The Dubious Diversity Rationale

It’s hard to date the beginning of the madness. Maybe you trace it to the death of George Floyd in May of 2020, the shooting of Michael Brown in August of 2014, the creation of Black Lives Matters in 2013, or the 1990s when Kimberlé Crenshaw invented the theory of intersectionality, or Herbert Marcuse’s 1965 essay “Repressive Tolerance,” or Rudi Dutschke’s “long march through the institutions,” or Marx and Engel’s The Communist Manifesto. Or maybe it began, as Whittaker Chambers suggested, back in the Garden of Eden when the Serpent said to Eve, “Ye shall be as God.”

Whenever it began, the Woke Revolution, i.e. Wokeism, has become for some evangelicals, the horizontal misty air that blinds their eyes and makes them unable to see that they are marching to the command of that mighty chief who imposed himself upon Eve at the Tree. In the late Spring of 2020, when mobs advanced along a horrid front of dreadful length in the guise of warriors—as John Milton once described Satan’s minions—Christian pastors offered a range of support in the name of “social justice.” Ever since it’s as if every nerve has been quickened. Some have doubled down on their support of the revolution. Some have recognized their mistake and are executing subtle rearguard action to walk things back. Still, for others, support for Wokeism never existed in the first place.

Since Trinity Reformed Church is firmly in the third category, and since we are now a couple of years removed from the Woke Revolution in evangelicalism, it’s time to refresh on why Christians should never have been duped.

Defining what is at the center of Wokeness is both simple and hard. It’s hard because of the abundance of new ideas attached to repurposed terminology—identity politics, social justice, equity, critical race theory, and more. It’s simple because all the new jargon, once stripped of the pretended nuance, amounts to the same thing, namely, the notion that those who’ve been treated badly in the past should get more while those who’ve benefited from past unfairness should get less. Peter Coclanis elaborates, “Politically motivated academics believe that racism and white supremacy constitute a central and uniquely egregious failing of the West. For activists in the U.S., transcending white supremacy means creating and implementing a robust reparations[1] program for African Americans.”[2]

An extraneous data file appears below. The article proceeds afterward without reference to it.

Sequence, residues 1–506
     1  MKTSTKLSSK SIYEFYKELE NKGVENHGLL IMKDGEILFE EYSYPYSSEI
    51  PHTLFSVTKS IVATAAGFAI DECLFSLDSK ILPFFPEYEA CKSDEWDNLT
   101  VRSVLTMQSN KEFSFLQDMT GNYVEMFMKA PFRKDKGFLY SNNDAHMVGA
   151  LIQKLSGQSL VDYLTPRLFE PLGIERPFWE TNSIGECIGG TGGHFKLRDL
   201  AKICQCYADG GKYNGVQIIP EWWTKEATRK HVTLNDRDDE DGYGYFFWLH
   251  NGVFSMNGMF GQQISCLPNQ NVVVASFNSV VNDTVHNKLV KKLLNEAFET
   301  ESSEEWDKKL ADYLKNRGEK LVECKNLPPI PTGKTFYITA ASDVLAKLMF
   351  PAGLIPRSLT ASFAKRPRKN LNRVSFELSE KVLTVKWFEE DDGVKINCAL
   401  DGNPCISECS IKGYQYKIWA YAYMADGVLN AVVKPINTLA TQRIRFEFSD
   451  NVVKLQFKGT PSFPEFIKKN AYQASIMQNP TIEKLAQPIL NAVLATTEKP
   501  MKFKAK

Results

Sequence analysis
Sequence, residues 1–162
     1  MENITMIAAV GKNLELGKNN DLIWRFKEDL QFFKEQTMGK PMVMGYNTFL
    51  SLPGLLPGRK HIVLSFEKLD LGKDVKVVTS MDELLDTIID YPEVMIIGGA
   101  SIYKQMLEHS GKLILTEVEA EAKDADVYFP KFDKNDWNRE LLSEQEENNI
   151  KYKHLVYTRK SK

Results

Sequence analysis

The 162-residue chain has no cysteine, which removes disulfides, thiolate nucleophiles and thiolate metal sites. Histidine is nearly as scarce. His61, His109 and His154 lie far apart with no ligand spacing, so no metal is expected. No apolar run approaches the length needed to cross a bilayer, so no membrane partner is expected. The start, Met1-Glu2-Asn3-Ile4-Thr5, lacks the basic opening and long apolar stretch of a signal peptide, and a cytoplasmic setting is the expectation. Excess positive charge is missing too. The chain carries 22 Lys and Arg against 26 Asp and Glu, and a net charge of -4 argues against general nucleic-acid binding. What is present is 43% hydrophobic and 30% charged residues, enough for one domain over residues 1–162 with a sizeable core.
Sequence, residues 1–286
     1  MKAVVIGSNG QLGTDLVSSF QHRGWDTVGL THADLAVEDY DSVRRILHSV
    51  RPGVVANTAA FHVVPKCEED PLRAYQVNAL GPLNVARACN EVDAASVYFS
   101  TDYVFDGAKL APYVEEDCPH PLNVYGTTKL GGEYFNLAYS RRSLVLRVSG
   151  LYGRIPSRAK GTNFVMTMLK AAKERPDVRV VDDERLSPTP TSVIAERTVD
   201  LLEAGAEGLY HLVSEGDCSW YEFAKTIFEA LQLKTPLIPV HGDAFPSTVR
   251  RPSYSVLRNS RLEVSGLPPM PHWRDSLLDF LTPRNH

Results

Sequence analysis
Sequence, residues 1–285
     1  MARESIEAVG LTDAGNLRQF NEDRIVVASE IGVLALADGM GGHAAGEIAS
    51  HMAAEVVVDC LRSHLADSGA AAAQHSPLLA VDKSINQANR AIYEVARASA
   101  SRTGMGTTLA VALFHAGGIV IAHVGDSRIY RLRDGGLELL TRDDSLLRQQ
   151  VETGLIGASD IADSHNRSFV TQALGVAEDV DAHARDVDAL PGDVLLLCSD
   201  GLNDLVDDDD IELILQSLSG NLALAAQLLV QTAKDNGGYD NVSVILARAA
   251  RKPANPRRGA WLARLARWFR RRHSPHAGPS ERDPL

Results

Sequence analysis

Some Christians may be tempted to advocate for the polite tolerance of “justice.” But Christians must be immovably intolerant for the same reason we wouldn’t serve poison diluted with milk to our children. So deadly and toxic is the underlying thought, that Christians who have tasted the Bread and seen the Light ought to be too absorbed in faithful ministry to regard it. And when they are in the besieged hall and forced to weigh the scales, they ought to recoil. Christian confusion results from the false need to have a sense of proportion about devilish ideas.

Anthony Bradley is an example of a well-intentioned Christian who wishes to affirm the good and redeemable elements of Critical Race Theory. The Southern Baptist, Paul Morrison, is another example of someone who thinks Christians should apply to Critical Theory “the same framework with which we approach philosophy, logic, democracy, economics, or other non-revelatory secular tools.”[3] The problem with this notion is that philosophy is the study of wisdom, logic is the study of thinking, and economics is the study of the market. None of these things begin with an anti-Christian assumption. Critical Theory assumes false things in a way that philosophy and economics don’t. It assumes that whiteness is a sin,[4] privilege is unfair, the United States was founded on the desire to protect slavery,[5] and systemic racism is the normal state of affairs in the United States today.[6]

The architects of Wokeism could never advance directly in the teeth of a noble confessional Christianity. It began as an insidious debauching and drugging of the academic mind, an ideology of ingenious sophism,[7] which, when introduced into the church follows to the complete destruction of the gospel. The sophism calls for a “repressive tolerance”[8] disguised under a farcical pretense of “justice,” themselves to be the sole judge of its boundaries. This is an immediate problem for Christians. Whatever concerns a claim of justice should be confided to God alone. This is all there is—as far as Christians are concerned—of an original principle on the subject. Christians are bound by God’s defining.[9]

So, Critical Race Theory can never function as a mere secondary tool of analysis. It is not some little, trivial modification that unbinds the mystic cords of reality. It is not an incidental peccadillo that leaves the gospel or the church unaffected. It is like the Canada Thistle, that pest of the soil, which cannot be dug out by an army of men. The Woke Revolution doesn’t merely offer an analytical tool for cultural problems, it redefines reality in a way so as to perpetuate them. The nature of woke ideology is that it can’t be borrowed from bits and pieces. It is a totalizing explanation of reality that doesn’t have to be proven historically, philosophically, or theologically, because argument along these lines is proof of racism itself. Wokeness is that way of looking at life that makes grudge-holding look normal and forgiveness strange. The whole system envelops institutions and those who fill them, infusing the inner terrain with an impersonal and unchristian standpoint.